Britain-based business supplies distributor Bunzl Plc showed its recession-proof qualities with a greater-than-expected 11 percent rise in yearly pretax profit, boosting its already outperforming shares to a record high.

Bunzl, which supplies supermarkets, hospitals and hotels with products ranging from carrier bags to toilet rolls, reported a 2011 pretax profit of 306.1 million pounds on sales 6 percent higher at 5.11 billion.

The group, which operates in 23 countries and serves clients such as John Lewis and Selfridges, said revenue in continental Europe and in the company's largest market, North America, grew 7 and 12 percent, respectively, offsetting a 1 percent fall in Britain and Ireland.

We delivered organic growth of 4 percent last year, our highest rate since 2006, thanks to winning new business and seeing existing customers doing more business with us, Bunzl Chief Executive Michael Roney told Reuters on Monday.

An improving U.S. economy helped us grow there, but tough macro conditions have dragged (down) growth in the UK and Ireland. It's hard to predict numbers ... but I believe we (will) continue to grow at the rate we have in recent years in 2012, despite the persistently challenging macro environment.

Bunzl's performance is a good indicator of how the wider economy is faring because it is a replenishment business which receives weekly orders from companies such as Whitbread's Costa Coffee for products they ran out of in the previous week, including spoons, packets of sugar and cups.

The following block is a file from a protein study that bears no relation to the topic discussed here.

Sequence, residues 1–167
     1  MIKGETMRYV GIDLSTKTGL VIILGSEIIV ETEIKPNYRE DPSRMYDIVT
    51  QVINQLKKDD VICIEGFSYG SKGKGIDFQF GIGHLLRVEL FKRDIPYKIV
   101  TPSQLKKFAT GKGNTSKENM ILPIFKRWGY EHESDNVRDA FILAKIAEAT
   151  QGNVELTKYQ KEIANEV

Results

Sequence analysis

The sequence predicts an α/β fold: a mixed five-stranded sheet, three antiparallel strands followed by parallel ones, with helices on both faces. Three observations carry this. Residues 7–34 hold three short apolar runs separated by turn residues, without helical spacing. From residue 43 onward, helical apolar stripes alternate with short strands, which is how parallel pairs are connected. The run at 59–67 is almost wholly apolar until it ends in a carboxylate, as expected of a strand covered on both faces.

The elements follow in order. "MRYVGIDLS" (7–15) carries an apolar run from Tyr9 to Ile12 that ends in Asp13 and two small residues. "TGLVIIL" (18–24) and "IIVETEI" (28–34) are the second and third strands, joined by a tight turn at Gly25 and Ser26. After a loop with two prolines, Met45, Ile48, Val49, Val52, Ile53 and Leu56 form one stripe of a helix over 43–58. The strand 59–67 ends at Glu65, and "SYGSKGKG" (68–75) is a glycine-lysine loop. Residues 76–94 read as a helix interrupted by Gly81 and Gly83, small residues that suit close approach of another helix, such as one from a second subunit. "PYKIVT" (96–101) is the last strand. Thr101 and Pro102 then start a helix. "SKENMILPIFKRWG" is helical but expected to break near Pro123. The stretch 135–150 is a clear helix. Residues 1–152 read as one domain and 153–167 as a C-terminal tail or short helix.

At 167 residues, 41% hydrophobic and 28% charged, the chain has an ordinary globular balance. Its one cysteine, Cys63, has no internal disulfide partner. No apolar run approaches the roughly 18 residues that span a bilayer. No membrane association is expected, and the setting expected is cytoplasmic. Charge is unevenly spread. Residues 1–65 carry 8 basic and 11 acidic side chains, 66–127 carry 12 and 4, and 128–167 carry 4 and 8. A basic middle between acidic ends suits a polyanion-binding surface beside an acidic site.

Britain's economy has barely grown since last September, with consumers reining in spending as they grapple with soaring prices, higher taxes and slow wage increases, while the government cuts spending in a bid to slash the country's large budget deficit.


The company, which has in recent years makes two-thirds of its growth through takeovers, said it spent 185 million pounds on acquisitions last year, bringing in an additional 200 million pounds of sales.

Bunzl's strategy of growing organically and through acquisition continues to bear fruit, said analyst Caroline de La Soujeole at brokerage Seymour Pierce, who rates the stock a buy. Bunzl has an attractive business model with good defensive qualities.

Shares in Bunzl, which have risen 7 percent in the last month and had outperformed the FT-All Share index <.FTAS> by 12 percent in the last six months, hit a record 958 pence and were up 2.2 percent at 951p by 0840 GMT, valuing the group at around 3.1 billion pounds.

Bunzl, whose margins improved to 6.6 percent, had been expected to report a 2011 pretax profit of 292 million pounds, according to a Thomson Reuters I/B/E/S poll of 17 analysts.

The company, which started life as a haberdashery in Bratislava in 1854, said it would raise its full-year dividend by 13 percent to 26.35 pence and said it had acquired U.S. retail gift packaging firm CDW Merchants for an undisclosed sum.

Roney said the company would likely keep up its rate of acquisitions and would look to get into new territories in Europe including Finland and Norway, as well as emerging markets such as Chile, Columbia and Turkey.

(Editing by Adveith Nair and David Holmes)